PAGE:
Iran unlikely to push India for oil dues quick fix

Ansari said Iran recognises India’s helpful approach during the period of sanctions, despite huge pressure to abandon ties with it.

lalabell68 / Pixabay / A representative image

New Delhi (Big Wire) Iran is unlikely to put pressure on India to settle about $6.5 billion dues of oil imports as the Persian Gulf nation is committed to business with the South Asian country on a long-term basis, said Gholamreza Ansari, the Iranian Ambassador.

The western countries, led by the United States, had imposed economic and trade sanctions on Iran in early 2012 for its ambitious nuclear programme. iranian

He said Iran recognises India’s helpful approach during the period of sanctions, despite huge pressure to abandon ties with it.

On Jan. 17, leading world powers including the US, announced the lifting of the sanctions against the Islamic Republic as it had agreed to comply with a deal that clipped its nuclear ambitions.

Officials of the Central Bank of Iran (CBI) visited India post lifting of the sanctions.

They met officials of India’s Finance Ministry and the Reserve Bank of India (RBI) to ease out modalities for settling the oil import dues.

With the lifting of sanctions, a three-year-old mechanism of Indian buyers paying 45 percent of oil import bill in rupees and keeping the rest 55 percent pending for payment channels to clear, came to an end.

This month, India’s Oil Minister Dharmendra Pradhan and Foreign Minister Sushma Swaraj visited Tehran to expedite the settlement process and ensure uninterrupted oil supplies from the third-largest producer within the Organisation of the Petroleum Exporting Countries (OPEC).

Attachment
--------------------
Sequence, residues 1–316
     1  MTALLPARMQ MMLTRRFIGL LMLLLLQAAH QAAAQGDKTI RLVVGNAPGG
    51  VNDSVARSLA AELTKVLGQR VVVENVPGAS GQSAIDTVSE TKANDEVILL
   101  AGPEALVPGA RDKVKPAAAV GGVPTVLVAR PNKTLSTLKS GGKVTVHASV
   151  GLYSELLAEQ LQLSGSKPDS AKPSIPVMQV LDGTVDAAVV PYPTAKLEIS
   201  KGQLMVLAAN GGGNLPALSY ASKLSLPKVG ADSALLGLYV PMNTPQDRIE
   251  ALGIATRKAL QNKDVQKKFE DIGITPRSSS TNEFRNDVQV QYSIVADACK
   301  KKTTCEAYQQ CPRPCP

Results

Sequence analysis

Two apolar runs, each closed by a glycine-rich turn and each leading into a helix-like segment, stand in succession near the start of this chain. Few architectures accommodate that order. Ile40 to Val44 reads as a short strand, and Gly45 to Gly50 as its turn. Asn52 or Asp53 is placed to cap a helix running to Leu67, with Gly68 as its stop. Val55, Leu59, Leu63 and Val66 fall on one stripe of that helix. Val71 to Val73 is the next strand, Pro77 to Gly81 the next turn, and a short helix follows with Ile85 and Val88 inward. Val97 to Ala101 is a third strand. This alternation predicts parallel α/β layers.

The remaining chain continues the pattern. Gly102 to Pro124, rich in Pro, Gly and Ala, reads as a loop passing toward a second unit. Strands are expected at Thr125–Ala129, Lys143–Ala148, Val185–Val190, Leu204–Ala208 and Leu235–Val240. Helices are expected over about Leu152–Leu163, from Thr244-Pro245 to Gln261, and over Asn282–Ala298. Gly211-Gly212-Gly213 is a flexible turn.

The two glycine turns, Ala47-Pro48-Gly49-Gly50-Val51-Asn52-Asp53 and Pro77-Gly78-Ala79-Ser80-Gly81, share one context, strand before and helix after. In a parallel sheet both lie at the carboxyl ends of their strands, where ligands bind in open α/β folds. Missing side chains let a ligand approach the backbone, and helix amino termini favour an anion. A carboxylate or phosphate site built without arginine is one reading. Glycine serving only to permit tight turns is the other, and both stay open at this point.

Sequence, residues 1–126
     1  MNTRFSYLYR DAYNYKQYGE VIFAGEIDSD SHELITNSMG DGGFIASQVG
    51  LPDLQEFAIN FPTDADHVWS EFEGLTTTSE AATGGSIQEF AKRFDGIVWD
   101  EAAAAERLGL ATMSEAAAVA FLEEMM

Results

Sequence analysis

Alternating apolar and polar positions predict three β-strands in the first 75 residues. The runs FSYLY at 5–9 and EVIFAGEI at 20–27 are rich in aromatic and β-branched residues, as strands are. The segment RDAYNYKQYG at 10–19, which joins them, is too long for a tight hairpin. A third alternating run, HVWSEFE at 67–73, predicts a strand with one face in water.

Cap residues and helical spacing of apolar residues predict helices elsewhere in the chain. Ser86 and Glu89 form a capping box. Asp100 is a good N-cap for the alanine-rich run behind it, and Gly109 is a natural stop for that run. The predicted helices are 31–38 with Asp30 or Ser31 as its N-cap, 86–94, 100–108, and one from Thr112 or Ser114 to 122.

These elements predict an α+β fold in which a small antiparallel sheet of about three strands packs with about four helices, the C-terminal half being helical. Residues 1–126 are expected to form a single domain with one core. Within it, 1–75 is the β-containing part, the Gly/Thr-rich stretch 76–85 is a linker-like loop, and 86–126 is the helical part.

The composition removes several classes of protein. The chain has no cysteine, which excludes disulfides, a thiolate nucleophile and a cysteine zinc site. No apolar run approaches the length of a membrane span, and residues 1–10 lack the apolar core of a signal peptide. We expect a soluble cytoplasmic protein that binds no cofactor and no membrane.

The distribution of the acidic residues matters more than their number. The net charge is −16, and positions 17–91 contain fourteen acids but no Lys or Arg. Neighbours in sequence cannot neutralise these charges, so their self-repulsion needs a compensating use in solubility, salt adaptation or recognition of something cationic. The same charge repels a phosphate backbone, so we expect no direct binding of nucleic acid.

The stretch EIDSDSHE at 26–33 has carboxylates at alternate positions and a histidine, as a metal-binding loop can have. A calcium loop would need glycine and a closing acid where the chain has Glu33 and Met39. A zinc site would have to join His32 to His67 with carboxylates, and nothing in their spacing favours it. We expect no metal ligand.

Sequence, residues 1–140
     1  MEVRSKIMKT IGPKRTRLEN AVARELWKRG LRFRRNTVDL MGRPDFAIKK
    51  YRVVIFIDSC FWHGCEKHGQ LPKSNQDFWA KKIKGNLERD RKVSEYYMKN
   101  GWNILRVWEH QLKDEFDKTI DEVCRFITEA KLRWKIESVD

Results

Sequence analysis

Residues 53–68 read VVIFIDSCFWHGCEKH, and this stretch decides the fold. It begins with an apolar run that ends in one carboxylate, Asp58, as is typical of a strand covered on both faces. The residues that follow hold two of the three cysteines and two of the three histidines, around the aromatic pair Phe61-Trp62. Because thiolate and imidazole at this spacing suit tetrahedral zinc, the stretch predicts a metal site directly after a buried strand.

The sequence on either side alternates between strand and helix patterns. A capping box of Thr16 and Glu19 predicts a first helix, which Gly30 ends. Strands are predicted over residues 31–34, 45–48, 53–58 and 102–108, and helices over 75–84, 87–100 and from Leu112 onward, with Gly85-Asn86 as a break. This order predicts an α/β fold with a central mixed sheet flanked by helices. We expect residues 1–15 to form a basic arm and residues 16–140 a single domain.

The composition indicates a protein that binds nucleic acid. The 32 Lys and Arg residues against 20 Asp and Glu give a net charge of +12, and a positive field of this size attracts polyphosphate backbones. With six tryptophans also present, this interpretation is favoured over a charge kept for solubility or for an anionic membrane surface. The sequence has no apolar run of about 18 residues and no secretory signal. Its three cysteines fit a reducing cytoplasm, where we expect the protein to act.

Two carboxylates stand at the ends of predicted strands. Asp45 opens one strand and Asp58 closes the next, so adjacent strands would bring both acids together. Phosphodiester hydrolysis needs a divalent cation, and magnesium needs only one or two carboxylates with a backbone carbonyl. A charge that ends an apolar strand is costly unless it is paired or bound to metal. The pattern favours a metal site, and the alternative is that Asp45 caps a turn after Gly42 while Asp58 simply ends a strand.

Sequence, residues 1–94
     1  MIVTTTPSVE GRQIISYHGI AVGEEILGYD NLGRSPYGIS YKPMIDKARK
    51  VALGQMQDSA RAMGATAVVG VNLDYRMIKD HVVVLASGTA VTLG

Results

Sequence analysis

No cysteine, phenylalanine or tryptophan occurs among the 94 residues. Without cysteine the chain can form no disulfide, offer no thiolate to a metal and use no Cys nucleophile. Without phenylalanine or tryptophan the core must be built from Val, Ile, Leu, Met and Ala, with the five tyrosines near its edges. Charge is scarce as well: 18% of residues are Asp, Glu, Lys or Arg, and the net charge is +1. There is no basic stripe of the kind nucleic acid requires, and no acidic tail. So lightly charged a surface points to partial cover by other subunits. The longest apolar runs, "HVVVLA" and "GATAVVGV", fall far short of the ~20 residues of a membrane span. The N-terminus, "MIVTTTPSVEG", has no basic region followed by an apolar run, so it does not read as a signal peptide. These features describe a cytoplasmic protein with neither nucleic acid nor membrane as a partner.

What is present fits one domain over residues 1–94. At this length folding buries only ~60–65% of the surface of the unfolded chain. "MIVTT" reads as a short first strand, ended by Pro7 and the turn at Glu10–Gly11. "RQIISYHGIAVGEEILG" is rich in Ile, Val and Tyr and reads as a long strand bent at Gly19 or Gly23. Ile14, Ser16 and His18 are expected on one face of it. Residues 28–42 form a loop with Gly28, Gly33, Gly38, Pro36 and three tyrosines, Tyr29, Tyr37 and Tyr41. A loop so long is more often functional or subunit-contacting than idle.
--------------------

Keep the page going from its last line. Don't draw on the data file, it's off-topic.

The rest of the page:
Indian refiners imported around 506,000 barrels per day (bpd) from Iran in March, the highest in almost five years, after purchases ramped up, post lifting of sanctions.

The country is expected to import at least 400,000 bpd of Iranian oil in the new fiscal year that began from April 2016, said trade sources.Iran_map“We want to do business with this money – whether with India or other countries,” said Ansari, echoing a paradigm shift in the country’s erstwhile belligerent approach to do business with the rest of the world, at an interaction with members of the Foreign Correspondents’ Club of South Asia (FCC).

The Ambassador said terms of the settlement with the powerful nations that were party to the sanctions have come on the way to an early solution to the oil import dues imbroglio. Iran prefers reverting to the pre-sanction mechanism of settling oil import dues through the Asian Clearing Union (ACU), he added.

“We are not in a hurry to take the money out,” the Ambassador said at the media interaction on Thursday late evening.

Ansari said that his country was more interested in promoting the business of Liquefied Natural Gas (LNG) with Indian companies and shied away from commenting on the prospects of developing oil pipelines from Iran to India via Pakistan.

To promote bilateral trade ties, Ansari said the strategically located Chabahar Port in the Gulf of Oman would promote India’s connectivity to do business with the Gulf, Central Asia and Europe. In the nineties, India had partially built the port that provides trade access to Afghanistan and Central Asia, bypassing Pakistan.

Once, connectivity is established via Chabahar Port, India can export goods to North Europe as well, at nearly 40 percent lower than current rates, the diplomat added.

To a query on the timeline for Prime Minister Narendra Modi’s visit to Tehran, Ansari said it would be better for bilateral relations, if such a visit takes place sooner, though he had no concrete idea to share about the timeline for such a visit.


(Ratnajyoti Dutta, a former Reuters journalist, is the New Delhi-based Consulting Editor of Big Wire)

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